OPINIONS OF THE SUPREME COURT OF OHIO The full texts of the opinions of the Supreme Court of Ohio are being transmitted electronically beginning May 27, 1992, pursuant to a pilot project implemented by Chief Justice Thomas J. Moyer. Please call any errors to the attention of the Reporter's Office of the Supreme Court of Ohio. Attention: Walter S. Kobalka, Reporter, or Deborah J. Barrett, Administrative Assistant. Tel.: (614) 466-4961; in Ohio 1-800-826-9010. Your comments on this pilot project are also welcome. NOTE: Corrections may be made by the Supreme Court to the full texts of the opinions after they have been released electronically to the public. The reader is therefore advised to check the bound volumes of Ohio St.3d published by West Publishing Company for the final versions of these opinions. The advance sheets to Ohio St.3d will also contain the volume and page numbers where the opinions will be found in the bound volumes of the Ohio Official Reports. Illinois Controls, Inc. et al., Appellees and Cross-Appellants, v. Langham et al., Appellants and Cross-Appellees. [Cite as Illinois Controls, Inc. v. Langham (1994), Ohio St. 3d .] Contracts -- Provision which gives party exclusive right to market product on behalf of another impose duty to employ reasonable efforts to generate sales of the product -Parol evidence directed to nature of a contractual relationship is admissible, when -- Corporation liable for breach of a pre-incorporation agreement executed on its behalf, when -- Promoters of corporation who execute a contract on its behalf are personally liable for its breach, when -- Corporation and its promoters jointly and severally liable for breach of pre-incorporation agreement, when -- Civ.R. 8, construed. 1. A contractual provision which gives a party the exclusive right to market a product on behalf of another imposes upon that party a duty to employ reasonable efforts to generate sales of the product. (1 Restatement of the Law 2d, Contracts  197, Section 77, Comment d, Illustration 9, adopted.) 2. Parol evidence directed to the nature of a contractual relationship is admissible where the contract is ambiguous and the evidence is consistent with the written agreement which forms the basis of the action between the parties. 3. A corporation is liable for the breach of a pre-incorporation agreement executed on its behalf by its promoters where the corporation expressly adopts the agreement or benefits from it with knowledge of its terms. (1 Restatement of the Law 2d, Agency  213, Section 84, Comment d, and 269, Section 104, adopted.)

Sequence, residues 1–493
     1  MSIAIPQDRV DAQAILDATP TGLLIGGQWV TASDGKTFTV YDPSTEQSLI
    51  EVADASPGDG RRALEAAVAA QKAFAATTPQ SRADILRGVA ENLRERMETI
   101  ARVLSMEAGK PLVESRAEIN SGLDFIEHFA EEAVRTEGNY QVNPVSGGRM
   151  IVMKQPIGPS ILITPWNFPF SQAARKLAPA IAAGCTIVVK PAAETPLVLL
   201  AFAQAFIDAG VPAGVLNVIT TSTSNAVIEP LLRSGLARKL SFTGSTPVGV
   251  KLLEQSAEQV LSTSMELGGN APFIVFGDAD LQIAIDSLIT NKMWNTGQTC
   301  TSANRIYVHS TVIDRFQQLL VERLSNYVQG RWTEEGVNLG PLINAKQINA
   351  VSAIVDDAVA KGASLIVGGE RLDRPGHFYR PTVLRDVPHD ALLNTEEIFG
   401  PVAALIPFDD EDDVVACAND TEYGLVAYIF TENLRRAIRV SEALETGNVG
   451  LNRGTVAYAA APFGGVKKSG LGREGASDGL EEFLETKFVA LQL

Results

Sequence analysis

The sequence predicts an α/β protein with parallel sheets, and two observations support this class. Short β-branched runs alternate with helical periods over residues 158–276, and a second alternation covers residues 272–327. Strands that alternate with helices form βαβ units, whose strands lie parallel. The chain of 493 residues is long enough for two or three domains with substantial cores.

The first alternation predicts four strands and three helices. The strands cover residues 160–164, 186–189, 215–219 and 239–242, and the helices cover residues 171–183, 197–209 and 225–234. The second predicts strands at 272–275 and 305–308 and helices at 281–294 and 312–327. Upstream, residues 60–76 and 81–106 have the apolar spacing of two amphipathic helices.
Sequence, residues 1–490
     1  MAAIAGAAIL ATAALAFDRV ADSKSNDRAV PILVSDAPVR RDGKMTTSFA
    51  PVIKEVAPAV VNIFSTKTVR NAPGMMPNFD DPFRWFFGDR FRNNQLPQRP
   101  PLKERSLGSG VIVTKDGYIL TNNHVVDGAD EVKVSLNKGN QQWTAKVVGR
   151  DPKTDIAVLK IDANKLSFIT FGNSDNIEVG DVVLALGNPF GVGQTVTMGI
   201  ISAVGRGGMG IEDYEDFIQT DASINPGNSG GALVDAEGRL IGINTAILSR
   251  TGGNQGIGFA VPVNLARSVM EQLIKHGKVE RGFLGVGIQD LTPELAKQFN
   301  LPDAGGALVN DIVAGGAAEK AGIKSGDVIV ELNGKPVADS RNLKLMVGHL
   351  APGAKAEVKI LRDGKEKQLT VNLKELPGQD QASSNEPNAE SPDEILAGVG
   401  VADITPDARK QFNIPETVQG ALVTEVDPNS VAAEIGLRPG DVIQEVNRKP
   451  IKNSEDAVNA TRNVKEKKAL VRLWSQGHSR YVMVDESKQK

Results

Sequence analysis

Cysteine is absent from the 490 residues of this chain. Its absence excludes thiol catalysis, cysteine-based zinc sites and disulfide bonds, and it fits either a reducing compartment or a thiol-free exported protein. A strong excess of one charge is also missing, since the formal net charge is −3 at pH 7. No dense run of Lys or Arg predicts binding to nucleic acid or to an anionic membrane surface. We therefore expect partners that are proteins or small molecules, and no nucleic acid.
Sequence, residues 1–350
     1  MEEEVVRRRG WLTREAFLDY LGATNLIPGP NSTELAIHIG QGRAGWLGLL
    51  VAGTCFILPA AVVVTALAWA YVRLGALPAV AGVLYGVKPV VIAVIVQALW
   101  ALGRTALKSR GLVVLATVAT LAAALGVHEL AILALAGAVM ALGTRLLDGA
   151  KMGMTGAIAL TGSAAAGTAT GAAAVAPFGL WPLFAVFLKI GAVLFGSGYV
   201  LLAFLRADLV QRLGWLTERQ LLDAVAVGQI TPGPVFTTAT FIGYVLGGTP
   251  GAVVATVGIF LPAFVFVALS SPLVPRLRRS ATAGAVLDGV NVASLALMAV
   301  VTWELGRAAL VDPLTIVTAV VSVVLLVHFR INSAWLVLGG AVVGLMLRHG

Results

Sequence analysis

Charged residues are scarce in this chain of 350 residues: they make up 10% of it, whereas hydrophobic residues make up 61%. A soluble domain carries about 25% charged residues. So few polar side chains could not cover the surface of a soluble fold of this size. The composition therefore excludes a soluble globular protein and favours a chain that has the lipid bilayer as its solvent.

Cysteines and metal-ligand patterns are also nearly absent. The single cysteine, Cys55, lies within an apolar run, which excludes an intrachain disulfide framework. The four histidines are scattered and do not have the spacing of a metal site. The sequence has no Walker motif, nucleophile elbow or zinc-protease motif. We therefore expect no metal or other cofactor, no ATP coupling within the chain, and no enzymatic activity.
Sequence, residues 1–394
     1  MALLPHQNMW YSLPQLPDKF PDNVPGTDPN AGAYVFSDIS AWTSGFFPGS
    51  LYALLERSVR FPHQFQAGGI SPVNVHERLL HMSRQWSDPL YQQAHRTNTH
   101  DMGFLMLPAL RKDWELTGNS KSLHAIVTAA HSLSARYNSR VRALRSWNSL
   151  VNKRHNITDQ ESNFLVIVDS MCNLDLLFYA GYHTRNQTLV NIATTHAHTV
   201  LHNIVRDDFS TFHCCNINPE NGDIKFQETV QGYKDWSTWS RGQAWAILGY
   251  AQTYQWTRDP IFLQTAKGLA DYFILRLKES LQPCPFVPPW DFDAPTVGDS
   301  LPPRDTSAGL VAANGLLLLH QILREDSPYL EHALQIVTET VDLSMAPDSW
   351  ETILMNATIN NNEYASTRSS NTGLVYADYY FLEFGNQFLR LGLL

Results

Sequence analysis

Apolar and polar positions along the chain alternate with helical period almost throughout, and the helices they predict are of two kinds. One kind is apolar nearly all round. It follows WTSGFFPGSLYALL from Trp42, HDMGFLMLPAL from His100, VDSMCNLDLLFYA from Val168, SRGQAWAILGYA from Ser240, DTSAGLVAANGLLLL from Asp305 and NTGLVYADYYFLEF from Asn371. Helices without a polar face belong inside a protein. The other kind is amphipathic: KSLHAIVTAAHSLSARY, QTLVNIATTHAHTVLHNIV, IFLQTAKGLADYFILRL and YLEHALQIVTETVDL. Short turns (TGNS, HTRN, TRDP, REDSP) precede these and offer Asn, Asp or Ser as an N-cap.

The promoters of a corporation who execute a contract on its behalf are personally liable for the breach thereof irrespective of the later adoption of the contract by the corporation unless the contract provides that performance thereunder is solely the responsibility of the corporation. (2 Restatement of the Law 2d, Agency  77, Section 326, adopted.) 5. Where a corporation, with knowledge of the agreement's terms, benefits from a pre-incorporation agreement executed on its behalf by its promoters, the corporation and the promoters are jointly and severally liable for breach of the agreement unless the agreement provides that performance is solely the responsibility of the corporation or, subsequent to the formation of the corporate entity, a novation is executed whereby the corporation is substituted for the promoters as a party to the original agreement. 6. Civ. R. 8(A) requires only that a pleading contain a short and plain statement of the circumstances entitling the party to relief. A party is not required to plead the legal theory of recovery or the consequences which naturally flow by operation of law from the legal relationship of the parties. (No. 92-2212 -- Submitted January 4, 1994 -- Decided October 12, 1994.) Appeal and Cross-Appeal from the Court of Appeals for Cuyahoga County, No. 60730. Defendant-appellant and cross-appellee, Michael Langham, is the inventor of a device called the cross-slope monitor ("CSM"). The device is employed as an accessory for heavy-duty road graders to assure a consistent angle in the course of highway construction. On July 1, 1983, appellant applied to obtain a patent on the CSM. Thereafter, appellant began to market the device as an accessory to John Deere equipment through his unincorporated business, Langham Engineering. The CSM, if properly installed, possessed substantial cost advantages over other methods. Todd Hale, a long-term employee of Langham Engineering, was an expert in the proper installation technique. In the fall of 1983, Langham Engineering began to sell CSMs for use on John Deere A Series construction equipment. During the next fifteen months, Langham Engineering sold between ninety and one hundred of the devices through techniques such as demonstrations and consignments. However, John Deere's share of the road grader market was relatively small. Appellant wanted to penetrate the larger market represented by Caterpillar Tractor Company ("CAT"). At the time, CAT sales accounted for fifty-five to sixty percent of the world market in heavy construction equipment. In order to exploit this opportunity, appellant contacted Caterpillar Venture Capital ("CAT Venture") for the purpose of locating someone who could market the CSM as an accessory to CAT equipment. CAT Venture, in turn, introduced appellant to